Keyboard layouts

I’m curious as to what keybroad layouts people use and why
I use Dvorak because i find it more comfortable

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Since 2005, I’ve been using Dvorak with an ergonomic keyboard. So far, that combination has let me type for reasonable lengths of time without pain.

I wasn’t aware of Colemak when I switched away from QWERTY — if I had to do it over again I’d probably go with Colemak instead of Dvorak.

Dvorak nerds unite!

I’ve been on it for a couple years now and love it. It just feels more correct in my hands. It also puts me under the stress limit where it hurts my hands as well.


QWERTY (UK flavour)

Type without looking at the keyboard, so won’t be changing…but got curious about Dvorak

It could be the layout and not the keyboard. I was never able to learn QWERTY for some reason, but did learn Dvorak several years ago.

QWERTY is designed to slow you down, making you stretch to reach common keys. This was done to slow down typists who were fast and jammed early mechanical typewriters. (Like anything worth talking about, there is some debate about this.)

Dvorak is designed to minimize finger motion and repetitive use of the same fingers. More common letters are on the home row, and the most common are under stronger fingers. Vowels are on the left hand home row (A O E U I), common consonants on the right (D H T N S). This results in typed letters frequently alternating between hands. As an example, on a QWERTY keyboard, I can type my whole name (john johnson) and only use a left finger once.

Below are a couple of illustrations gleaned from the net. The first is a heat map of letter frequency and where the letters are on the keyboard. The second shows letter frequency by row. Naturally, one would want frequently used keys on the home row, and under the stronger fingers.

As for “hammering away,” this could be an indication that you are creating your own auditory and tactile feedback for the keyboard. This could be resolved with a more “clicky” keyboard, or turning on key click in the OS, if available.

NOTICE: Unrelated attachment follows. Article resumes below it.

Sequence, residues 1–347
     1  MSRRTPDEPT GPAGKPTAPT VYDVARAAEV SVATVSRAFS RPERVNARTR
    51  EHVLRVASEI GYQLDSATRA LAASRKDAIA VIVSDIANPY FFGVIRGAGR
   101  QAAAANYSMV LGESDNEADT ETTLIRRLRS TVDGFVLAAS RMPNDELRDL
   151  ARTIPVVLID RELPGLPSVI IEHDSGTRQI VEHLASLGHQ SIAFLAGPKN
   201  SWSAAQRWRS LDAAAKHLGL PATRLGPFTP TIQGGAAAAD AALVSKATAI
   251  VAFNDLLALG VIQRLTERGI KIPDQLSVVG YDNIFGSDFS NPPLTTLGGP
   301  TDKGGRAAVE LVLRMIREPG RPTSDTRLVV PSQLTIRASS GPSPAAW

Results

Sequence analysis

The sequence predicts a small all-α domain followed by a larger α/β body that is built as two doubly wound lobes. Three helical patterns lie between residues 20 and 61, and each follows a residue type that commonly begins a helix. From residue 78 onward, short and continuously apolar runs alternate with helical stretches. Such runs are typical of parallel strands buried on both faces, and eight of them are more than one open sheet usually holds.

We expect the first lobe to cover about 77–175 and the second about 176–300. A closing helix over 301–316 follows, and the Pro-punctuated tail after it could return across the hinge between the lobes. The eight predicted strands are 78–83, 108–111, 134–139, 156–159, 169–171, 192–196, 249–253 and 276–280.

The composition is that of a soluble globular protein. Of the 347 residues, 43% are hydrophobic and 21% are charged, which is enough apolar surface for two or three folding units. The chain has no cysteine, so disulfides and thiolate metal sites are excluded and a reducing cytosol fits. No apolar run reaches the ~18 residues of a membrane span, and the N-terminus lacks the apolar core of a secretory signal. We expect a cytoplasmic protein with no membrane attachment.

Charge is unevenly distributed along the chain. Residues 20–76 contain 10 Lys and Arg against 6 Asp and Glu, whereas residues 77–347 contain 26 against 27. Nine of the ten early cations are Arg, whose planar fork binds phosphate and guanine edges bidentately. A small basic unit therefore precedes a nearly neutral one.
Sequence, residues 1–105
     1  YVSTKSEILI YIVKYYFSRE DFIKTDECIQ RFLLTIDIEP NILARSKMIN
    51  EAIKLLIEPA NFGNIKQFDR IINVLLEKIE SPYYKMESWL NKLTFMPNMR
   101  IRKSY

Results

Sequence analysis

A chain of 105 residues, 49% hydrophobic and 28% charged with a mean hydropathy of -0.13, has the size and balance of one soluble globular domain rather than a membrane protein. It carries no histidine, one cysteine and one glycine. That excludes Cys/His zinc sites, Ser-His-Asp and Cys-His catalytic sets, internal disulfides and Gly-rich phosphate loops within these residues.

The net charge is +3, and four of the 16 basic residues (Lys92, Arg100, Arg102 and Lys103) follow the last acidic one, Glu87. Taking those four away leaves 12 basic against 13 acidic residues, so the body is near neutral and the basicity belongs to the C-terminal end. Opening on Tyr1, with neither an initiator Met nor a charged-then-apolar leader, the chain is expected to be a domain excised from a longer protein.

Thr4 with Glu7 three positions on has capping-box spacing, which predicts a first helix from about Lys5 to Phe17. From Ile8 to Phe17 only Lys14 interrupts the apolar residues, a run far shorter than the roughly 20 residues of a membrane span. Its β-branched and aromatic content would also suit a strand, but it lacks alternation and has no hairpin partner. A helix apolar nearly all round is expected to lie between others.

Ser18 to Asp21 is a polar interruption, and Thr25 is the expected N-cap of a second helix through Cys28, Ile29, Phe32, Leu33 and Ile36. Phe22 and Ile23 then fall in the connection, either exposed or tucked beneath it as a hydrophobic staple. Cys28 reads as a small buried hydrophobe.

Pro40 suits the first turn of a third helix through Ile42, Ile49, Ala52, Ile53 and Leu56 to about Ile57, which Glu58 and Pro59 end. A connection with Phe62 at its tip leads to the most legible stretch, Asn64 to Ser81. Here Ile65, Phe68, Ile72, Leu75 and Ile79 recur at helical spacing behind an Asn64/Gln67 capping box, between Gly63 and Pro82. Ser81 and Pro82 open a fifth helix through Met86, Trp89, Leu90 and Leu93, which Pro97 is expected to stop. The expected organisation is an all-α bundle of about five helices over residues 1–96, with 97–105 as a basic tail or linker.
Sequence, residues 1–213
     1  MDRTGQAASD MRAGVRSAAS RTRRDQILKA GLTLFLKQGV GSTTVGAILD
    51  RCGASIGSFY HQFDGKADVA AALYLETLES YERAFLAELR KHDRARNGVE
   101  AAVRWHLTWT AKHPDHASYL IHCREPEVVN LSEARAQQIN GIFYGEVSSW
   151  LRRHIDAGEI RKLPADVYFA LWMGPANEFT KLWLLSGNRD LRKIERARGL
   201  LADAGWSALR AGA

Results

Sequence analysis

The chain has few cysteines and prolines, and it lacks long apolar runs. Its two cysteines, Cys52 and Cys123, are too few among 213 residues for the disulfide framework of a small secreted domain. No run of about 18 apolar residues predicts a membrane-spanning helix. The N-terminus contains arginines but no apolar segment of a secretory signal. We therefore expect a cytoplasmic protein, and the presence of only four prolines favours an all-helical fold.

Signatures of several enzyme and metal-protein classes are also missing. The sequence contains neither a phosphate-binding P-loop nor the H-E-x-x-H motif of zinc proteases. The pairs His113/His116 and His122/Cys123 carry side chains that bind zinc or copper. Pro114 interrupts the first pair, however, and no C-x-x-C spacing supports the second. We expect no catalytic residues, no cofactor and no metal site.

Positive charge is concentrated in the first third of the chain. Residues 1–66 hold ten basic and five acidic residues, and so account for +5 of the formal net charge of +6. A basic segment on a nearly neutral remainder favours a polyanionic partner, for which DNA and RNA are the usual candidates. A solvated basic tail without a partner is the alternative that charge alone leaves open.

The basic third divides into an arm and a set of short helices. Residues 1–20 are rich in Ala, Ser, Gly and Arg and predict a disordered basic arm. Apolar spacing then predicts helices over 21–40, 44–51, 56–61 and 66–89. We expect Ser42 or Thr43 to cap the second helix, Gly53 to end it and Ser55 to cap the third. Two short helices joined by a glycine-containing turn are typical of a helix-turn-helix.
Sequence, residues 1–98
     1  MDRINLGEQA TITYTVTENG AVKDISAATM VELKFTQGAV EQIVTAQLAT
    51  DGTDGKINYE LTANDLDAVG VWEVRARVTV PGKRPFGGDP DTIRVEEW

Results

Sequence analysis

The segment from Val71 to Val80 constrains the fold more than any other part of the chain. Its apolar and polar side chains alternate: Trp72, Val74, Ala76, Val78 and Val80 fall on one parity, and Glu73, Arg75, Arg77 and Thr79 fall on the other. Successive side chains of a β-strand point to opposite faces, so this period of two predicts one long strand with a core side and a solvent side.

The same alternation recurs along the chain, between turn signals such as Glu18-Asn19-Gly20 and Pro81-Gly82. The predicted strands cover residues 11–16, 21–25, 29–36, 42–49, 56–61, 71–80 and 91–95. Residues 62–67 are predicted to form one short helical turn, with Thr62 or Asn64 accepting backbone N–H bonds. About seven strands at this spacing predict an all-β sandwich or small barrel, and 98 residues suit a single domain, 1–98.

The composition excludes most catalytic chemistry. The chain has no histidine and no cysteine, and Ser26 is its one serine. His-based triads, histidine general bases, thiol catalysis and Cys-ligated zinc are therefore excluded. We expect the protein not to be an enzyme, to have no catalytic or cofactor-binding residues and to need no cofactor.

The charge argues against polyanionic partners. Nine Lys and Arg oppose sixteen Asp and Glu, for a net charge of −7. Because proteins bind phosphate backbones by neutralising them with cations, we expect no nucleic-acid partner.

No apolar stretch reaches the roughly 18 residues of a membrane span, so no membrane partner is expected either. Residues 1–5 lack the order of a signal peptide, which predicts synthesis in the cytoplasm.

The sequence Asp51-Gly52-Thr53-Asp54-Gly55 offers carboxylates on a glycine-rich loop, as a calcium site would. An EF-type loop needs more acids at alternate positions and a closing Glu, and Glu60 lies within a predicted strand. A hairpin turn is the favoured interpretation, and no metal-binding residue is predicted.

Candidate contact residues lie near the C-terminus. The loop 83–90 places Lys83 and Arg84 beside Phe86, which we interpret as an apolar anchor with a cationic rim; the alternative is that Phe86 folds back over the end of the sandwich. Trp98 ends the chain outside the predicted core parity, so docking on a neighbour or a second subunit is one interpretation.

I’ve never really learned QWERTY either, I’m a fairly fast typist but I only use a few fingers. I am trying to teach myself DVORAK now. I have a keyboard skin that I place over the keyboard that is in the DVORAK layout and switch to it. So far I’m mostly using it on my laptop but I am slowly moving so that I can type ok with ut.

I’m also using the program Type Fu to help me learn.

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I tried dvorak a couple of decades ago by remapping my normal keyboard and switching keycaps around. It seemed to speed up my typing a small but noticeable amount, but I also was using other computers/typewriters and I found I was constantly having to relearn dvorak when I returned to it after even a short absence.

A friend recommended colemak to me. It was designed as a compromise-version of qwerty that is more efficient. It makes 17 changes to key layout, and from what I’ve read offers a much easier transition for people used to qwerty.

(I still use qwerty)

I had a small printout of the Dvorak layout, but would stop and think where a key was located, rather than just having a look. If all else failed, I could have a look. I think this helped me learn the layout better. I’ve never switched keycaps around, as my fingers know where the letters and characters are. Some of the letters I can type, but can’t tell you where they are on the keyboard without a lot of effort (and perhaps mentally simulating typing them).

For the german-speaking realm, it would not be DVORAK, but NEO. But I am not sure if having a Neo (or Dvorak) layout on one computer and then moving to computers/devices with QWERTY/QWERTZ layout would drive me crazy. I use 3 computers and an iPad and every device would need the Neo layout. While I can easily install stuff on my own computer, my second “main” computer is a completely locked down corporate PC.

Hint: WASD keyboards let’s you order any layout possible.

I don’t have a problem switching. If I forget, it only takes a couple of keystrokes to realize I need to switch from Dvorak touch typing to QWERTY four-finger typing.

I used to have two Harleys, one with brake and shift on opposite sides. Also not a problem to switch. Turns out our brains have context-dependent motor programs.